According to the UK Space Agency, the government aims to enable Commercial Spaceflight from UK spaceports by 2020. As privatised commercial space travel moves closer towards becoming a reality, buildingspecifier takes a look at what role the construction industry will play in delivering spaceports throughout the country.

What is a spaceport?

A spaceport (or cosmodrome) is a site for launching and receiving spacecraft. The word spaceport, and even more so cosmodrome, has traditionally been used for sites that are capable of launching spacecraft into orbit around Earth or on interplanetary trajectories.

Major spaceports often include more than one launch complex, which can be rocket launch sites adapted for different types of launch vehicles. For launch vehicles with liquid propellant, suitable storage facilities and, in some cases, production facilities are necessary. On-site processing facilities for solid propellants are also common.

A spaceport may also include runways for takeoff and landing of aircraft to support spaceport operations, or to enable support of HTHL or HTVL winged launch vehicles.

Making UK spaceports a reality

So the UK has set its sights upon being the best place in Europe for space flight operations, now it is time to put its money where its mouth is. After all, sending humans and satellites into space requires effort, money, dedication and sacrifice.

The target to deliver commercial space flight from UK spaceports by 2020 is equally as dependent on the construction industry as it is on scientific and technological advancements. Without cutting edge sites being constructed or repurposed for the purpose of space travel, there will be no space travel. In order to tackle this issue, the UK Space Agency is offering grant funding of up to £10 million (possibly even more in exceptional cases) to encourage those wishing to develop spaceport operations. Proposals must be submitted by joint enterprises, consisting of at least one potential UK spaceport and one small-satellite launch or sub-orbital flight operator. Applicants need to propose a business plan on how they intend to launch small satellites or sub-orbital flights, including space tourism, microgravity flights or spaceplanes, from the UK by 2020. All applications for this funding must be submitted by 28 April 2017.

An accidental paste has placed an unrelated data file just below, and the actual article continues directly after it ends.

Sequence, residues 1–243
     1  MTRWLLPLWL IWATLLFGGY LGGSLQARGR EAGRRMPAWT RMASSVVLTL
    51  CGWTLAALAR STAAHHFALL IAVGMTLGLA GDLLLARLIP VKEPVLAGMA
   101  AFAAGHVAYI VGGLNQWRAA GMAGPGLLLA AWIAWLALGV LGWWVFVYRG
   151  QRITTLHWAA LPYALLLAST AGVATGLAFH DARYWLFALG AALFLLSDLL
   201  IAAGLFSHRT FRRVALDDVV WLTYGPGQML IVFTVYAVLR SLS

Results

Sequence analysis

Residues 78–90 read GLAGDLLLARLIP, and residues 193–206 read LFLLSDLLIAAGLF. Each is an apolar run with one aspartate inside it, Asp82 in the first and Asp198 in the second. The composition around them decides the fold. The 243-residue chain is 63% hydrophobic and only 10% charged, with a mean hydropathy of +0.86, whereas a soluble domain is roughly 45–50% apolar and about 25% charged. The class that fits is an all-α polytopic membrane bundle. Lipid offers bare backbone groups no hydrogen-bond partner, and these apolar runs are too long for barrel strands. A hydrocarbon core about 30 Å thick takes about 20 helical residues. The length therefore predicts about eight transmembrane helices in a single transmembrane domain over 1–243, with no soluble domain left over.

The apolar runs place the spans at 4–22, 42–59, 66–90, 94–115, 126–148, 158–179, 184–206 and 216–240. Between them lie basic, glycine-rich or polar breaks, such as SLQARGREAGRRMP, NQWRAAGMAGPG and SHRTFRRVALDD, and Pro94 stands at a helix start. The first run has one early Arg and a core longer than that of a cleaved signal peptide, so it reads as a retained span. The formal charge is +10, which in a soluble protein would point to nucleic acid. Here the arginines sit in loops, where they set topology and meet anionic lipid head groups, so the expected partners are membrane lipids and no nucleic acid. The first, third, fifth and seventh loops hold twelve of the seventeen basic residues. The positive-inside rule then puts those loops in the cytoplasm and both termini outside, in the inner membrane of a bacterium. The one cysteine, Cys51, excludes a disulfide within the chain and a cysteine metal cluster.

Once completed, the new Spaceflight Bill will expand further upon the regulatory framework for building and operating spaceports on British soil.

Mike Pocock is a planning law expert from Pinsent Masons, an international law firm which specialises in the energy, infrastructure, financial services, real estate and advanced manufacturing and technology sectors. He commented “The space industry represents a huge opportunity for the UK, with potentially significant economic benefits.
“The reality of spaceflight from the UK is closer than many think, and there is currently momentum to develop a number of ‘spaceports’ which will be critical infrastructure if the UK is to be able to send satellites as well as, potentially, space tourists into space.”

“Applications for grant funding by potential spaceports and operators were made earlier this year to UK Space, and the results of these are expected later this summer. The timing of the announcement in the Queen’s Speech therefore could not be better. These are exciting times for the UK space industry.”

In an interview with the BBC, Chairman of umbrella group UKSpace Richard Peckham, said “The UK Space Industry faces an incredibly challenging time as the country navigates its way out of the European Union.”

“For the UK industry to thrive in this new environment, it is essential that the whole sector: government, academia and industry, continue to work in partnership with a steady focus on innovation and growth, with government ready to procure and promote British products and services.”

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